The low probability of value associated with each instance of extraneous material (common loot, repetitive explanatory dialogue, fetch quests, false choice) transforms play into a prolonged state of deferral; satisfaction is expected more than experienced. Unsurprisingly, these variable ratio schedules dovetail with personalized, metric-driven development practice: behavioral manipulation in a way that’s right for you(!). Design is caught up in another tilt at pleasing everyone, turned into putty in the hands that grasp at the controller. Always welcome, and always the right player – the ideal player. In any case, there is always something else: other games, other media, other domains – all more comfortable Monday night activities than curling up on the couch with ANATOMY and a nice red. Videogames, tailored to us and our abilities so as to limit misunderstanding or feeling inadequate. Above all, the player must not flounder, and so the girders that support confident appraisal must be constructed at incremental scale. In being accounted for, we are encouraged to feel unaccountable. Our responsibility towards the active maintenance of play is increasingly delegated to design(ers), or artificial neural networks, in attempts to reduce uncertainty; in other words, to make the problem of human agency tractable.

All this is not to suggest that players (as individuals, or an aggregated mass) passively accept our absent responsibility, even if its common manifestation in a desire to inflict themselves on Crucial Videogame Outcomes (as teenagers insist on their capacity for unsupervised activity) is somewhat misguided. Don’t we want to get into it, stuck in(to) it, be part of it, become it? Once satisfied – or, perhaps, once the flow of content seems to abate – being funneled to the conclusion signals (prematurely) that the game is already over, yet unrevealed but instead (and more vividly) extrapolated from the mess.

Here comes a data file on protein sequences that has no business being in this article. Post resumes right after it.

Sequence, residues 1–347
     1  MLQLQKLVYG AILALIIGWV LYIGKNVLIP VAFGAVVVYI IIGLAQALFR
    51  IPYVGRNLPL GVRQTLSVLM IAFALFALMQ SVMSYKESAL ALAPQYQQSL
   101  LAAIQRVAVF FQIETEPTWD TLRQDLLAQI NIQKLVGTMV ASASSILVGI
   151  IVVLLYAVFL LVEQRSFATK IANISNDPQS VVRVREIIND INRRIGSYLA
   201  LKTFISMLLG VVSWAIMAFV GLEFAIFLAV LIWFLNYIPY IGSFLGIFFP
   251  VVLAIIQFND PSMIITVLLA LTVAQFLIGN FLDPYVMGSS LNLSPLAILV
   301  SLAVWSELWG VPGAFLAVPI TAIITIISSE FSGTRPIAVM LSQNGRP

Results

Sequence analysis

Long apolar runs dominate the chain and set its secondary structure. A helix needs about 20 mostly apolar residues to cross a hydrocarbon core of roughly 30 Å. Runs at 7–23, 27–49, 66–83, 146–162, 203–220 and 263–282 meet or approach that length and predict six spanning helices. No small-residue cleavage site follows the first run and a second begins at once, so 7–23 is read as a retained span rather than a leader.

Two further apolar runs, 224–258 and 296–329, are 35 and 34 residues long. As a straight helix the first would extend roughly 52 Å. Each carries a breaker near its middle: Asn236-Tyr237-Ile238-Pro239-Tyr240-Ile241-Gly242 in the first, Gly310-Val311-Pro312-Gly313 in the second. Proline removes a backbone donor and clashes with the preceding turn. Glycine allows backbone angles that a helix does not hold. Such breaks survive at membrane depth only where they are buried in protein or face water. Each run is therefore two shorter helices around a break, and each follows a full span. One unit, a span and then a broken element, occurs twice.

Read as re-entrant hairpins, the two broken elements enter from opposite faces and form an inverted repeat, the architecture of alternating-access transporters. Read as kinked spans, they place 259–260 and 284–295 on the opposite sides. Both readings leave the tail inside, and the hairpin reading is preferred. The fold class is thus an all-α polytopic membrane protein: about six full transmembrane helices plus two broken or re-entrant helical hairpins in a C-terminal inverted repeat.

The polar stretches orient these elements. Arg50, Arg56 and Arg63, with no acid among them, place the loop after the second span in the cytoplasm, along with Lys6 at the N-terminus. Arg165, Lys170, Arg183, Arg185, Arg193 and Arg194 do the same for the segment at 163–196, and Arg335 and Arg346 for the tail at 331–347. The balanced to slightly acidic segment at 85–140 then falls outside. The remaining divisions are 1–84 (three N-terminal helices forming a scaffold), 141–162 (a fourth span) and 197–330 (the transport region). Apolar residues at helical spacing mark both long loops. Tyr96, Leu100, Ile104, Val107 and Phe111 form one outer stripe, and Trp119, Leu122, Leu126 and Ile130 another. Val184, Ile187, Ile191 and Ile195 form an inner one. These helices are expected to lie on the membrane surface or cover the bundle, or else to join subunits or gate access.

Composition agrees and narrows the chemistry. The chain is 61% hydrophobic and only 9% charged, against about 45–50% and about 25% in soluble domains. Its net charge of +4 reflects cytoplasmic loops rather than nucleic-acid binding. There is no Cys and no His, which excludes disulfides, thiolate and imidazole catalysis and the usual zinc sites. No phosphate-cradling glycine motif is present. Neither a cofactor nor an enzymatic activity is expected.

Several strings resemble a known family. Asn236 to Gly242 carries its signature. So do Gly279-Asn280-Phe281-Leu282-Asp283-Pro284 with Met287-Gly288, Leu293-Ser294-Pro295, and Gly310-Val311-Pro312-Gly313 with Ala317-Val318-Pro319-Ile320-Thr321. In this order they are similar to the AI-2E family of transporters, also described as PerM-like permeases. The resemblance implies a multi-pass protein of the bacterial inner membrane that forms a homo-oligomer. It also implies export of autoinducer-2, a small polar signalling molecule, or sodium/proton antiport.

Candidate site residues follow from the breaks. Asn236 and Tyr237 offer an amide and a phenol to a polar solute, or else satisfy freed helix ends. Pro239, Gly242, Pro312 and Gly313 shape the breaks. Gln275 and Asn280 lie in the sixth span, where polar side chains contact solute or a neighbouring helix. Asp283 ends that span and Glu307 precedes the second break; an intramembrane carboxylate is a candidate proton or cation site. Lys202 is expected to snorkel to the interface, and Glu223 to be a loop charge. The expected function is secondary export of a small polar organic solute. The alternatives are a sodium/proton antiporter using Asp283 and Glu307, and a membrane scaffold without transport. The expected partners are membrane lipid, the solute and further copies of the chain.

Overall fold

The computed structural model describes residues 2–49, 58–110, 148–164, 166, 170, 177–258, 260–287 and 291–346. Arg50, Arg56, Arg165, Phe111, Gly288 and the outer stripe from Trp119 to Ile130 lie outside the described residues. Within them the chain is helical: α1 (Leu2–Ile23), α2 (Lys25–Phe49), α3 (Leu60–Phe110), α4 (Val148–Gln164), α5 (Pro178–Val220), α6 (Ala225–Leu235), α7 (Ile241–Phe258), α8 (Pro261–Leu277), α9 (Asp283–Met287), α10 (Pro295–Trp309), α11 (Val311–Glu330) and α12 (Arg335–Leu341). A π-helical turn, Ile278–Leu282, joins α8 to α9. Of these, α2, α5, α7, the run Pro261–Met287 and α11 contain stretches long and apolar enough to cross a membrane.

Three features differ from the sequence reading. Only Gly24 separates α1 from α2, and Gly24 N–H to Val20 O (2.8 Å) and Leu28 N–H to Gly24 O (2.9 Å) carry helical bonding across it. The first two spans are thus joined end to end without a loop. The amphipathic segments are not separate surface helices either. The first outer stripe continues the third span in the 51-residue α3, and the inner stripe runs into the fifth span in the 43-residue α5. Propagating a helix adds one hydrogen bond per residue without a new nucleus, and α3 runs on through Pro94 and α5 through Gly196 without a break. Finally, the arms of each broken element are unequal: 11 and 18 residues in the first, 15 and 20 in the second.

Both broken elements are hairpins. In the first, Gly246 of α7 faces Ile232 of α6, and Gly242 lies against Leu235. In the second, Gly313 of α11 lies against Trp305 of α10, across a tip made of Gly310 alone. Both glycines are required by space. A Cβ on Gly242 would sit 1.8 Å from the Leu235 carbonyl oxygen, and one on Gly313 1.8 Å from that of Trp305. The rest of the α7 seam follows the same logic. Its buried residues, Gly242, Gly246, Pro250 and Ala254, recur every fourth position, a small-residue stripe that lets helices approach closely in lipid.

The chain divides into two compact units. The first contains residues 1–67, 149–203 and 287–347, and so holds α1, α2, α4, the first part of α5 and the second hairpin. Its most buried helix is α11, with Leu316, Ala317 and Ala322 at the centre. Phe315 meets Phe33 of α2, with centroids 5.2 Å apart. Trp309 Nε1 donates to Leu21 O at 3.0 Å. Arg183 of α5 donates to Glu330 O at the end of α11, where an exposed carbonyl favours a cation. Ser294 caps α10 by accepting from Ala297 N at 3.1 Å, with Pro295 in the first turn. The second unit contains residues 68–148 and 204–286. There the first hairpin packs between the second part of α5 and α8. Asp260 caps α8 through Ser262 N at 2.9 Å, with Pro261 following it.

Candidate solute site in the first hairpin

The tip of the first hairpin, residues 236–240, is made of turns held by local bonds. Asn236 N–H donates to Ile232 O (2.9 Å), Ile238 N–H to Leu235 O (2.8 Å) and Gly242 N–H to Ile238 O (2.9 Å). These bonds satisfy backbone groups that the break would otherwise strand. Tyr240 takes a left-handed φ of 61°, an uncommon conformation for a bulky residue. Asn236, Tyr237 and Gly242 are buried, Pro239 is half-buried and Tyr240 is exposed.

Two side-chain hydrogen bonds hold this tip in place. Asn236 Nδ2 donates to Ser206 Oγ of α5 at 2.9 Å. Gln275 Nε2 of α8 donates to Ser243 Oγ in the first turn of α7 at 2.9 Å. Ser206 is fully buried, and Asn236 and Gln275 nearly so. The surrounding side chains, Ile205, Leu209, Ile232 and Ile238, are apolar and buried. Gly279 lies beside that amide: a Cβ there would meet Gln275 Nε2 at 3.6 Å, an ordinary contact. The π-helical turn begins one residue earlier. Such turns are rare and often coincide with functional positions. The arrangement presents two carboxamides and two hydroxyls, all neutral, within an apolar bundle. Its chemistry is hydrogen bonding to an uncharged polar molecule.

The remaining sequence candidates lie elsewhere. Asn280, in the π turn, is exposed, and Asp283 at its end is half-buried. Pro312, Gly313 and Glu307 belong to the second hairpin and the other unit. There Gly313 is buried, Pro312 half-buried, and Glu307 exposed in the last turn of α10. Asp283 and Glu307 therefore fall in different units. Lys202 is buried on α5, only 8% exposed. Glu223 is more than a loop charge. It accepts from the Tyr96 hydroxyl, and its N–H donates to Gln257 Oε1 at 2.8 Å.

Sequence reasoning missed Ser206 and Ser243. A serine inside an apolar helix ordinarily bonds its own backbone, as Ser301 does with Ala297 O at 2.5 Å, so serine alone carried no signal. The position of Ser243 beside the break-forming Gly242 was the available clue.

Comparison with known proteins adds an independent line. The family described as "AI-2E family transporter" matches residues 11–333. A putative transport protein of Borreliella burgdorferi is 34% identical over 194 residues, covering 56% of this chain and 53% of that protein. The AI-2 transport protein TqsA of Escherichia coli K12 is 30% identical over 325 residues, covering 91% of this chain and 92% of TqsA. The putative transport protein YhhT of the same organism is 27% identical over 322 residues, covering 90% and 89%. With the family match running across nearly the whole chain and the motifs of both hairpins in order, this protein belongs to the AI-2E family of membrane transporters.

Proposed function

Videogames pull at competing mental functions, demanding attention and distraction in equal measures. Put another way, contemporary design optimizes for crisis – the risk of feeling overwhelmed – to drive engagement. Videogames absent crisis instead task players with picking up the slack, assigning us partial responsibility for our participation. The refrain “but what do I do?” – admittedly now somewhat of a cliché – hence suggests a dependence on shock: the player must be bombarded with stimuli for the normal, reactive, mode of behavior to present itself. The challenge of videogame design is to go beyond the management of stress.

April Tyack (@stillisles) is an Australian PhD student researching videogames and wellbeing, who otherwise spends a lot of time writing papers on unrelated topics, and should probably get around to learning Unity. Her previous writing can be found at stillisles.wordpress.com.